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Not All Absent Serum Ceruloplasmin Is Wilson Disease: A Review of Aceruloplasminemia
  1. Leah Z. Harris
  1. From the Department of Anesthesiology and Critical Care Medicine, The Johns Hopkins University, Baltimore, Md.
  1. Address correspondence to: Z. Leah Harris, MD, Division of Pediatric Anesthesiology and Critical Care Medicine, Department of Anesthesiology and Critical Care Medicine, The Johns Hopkins University School of Medicine, 600 N. Wolfe Street, Blalock 904B, Baltimore, MD 21287. Email: zharris1{at}

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Human copper enzymes reflect, by nature of their function and tissue specificity, an essential family of proteins. These enzymes are 1) cytochrome c oxidase, which is required for mitochondrial respiration; 2) Cu, Zn-superoxide dismutase (SOD), a ubiquitous antioxidant; 3) dopamine β hydroxylase, which is essential for catecholamine production; 4) lysyl oxidase, which is integral for collagen cross-linking and elastin formation; 5) peptidyl glycine α-amidating monooxygenase, which is responsible for neuropeptide and peptide hormone processing; 6) tyrosinase, which is essential for melanin synthesis, and 7) ceruloplasmin and hephaestin, members of the multicopper oxidase family, which are critical for efficient iron efflux through their action as ferroxidases. Recent identification of the inherited disorder aceruloplasminemia—a triad of diabetes, retinal degeneration, and neurodegeneration with an absence of detectable serum ceruloplasmin—associated with an altered iron metabolism has revealed an important link between copper and iron homeostasis.1,2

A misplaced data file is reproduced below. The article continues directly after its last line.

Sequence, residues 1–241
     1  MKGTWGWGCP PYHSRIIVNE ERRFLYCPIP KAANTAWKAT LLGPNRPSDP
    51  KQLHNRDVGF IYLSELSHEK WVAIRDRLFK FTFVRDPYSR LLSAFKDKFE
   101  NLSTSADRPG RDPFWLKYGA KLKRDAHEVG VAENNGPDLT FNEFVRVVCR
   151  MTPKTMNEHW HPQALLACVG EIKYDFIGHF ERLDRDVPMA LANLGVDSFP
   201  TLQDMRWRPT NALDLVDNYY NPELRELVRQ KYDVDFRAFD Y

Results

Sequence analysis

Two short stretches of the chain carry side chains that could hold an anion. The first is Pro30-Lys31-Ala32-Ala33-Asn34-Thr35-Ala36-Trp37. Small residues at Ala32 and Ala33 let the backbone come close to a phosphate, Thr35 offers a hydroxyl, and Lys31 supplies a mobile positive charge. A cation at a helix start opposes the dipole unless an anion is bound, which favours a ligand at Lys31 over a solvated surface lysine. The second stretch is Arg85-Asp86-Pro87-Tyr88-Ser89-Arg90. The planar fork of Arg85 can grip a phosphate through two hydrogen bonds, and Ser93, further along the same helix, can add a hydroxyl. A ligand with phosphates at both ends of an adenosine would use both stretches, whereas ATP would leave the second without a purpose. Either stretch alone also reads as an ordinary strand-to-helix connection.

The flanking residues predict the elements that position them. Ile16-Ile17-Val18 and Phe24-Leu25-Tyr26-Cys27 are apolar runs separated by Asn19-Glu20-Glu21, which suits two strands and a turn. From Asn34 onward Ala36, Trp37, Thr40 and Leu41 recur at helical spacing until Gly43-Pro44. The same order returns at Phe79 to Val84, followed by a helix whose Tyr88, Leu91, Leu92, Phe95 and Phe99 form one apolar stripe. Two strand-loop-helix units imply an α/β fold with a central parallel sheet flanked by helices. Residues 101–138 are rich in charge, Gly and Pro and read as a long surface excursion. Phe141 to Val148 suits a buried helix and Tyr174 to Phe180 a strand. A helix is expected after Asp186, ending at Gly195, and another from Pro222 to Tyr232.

A review of hepatic copper homeostasis reveals that ingested copper, either bound to albumin or histidine, enters the hepatocyte via the copper transporter (CTR1), where its fate is determined by a family of copper chaperones or is stored in a metallothionein pool. Copper may be trafficked via cyclooxygenase-17 to the mitochondria for incorporation into cytochrome oxidase. Alternatively, it may be shuttled via CCS (the copper chaperone for SOD) for copper delivery to Cu, Zn-SOD. Finally, copper may be transported by HAH1, the copper chaperone for the Wilson disease P-type adenosine triphosphatase (ATPase), to the trans-Golgi network. It is here that the Wilson disease P-type ATPase is responsible for transporting copper into the secretory pathway, where it can either be incorporated into the cuproprotein ceruloplasmin or trafficked into a vesicular compartment that is excreted into bile.3

A mutation in the Wilson disease P-type ATPase gene prevents copper from being appropriately deposited within the secretory compartment and, hence, prevents …

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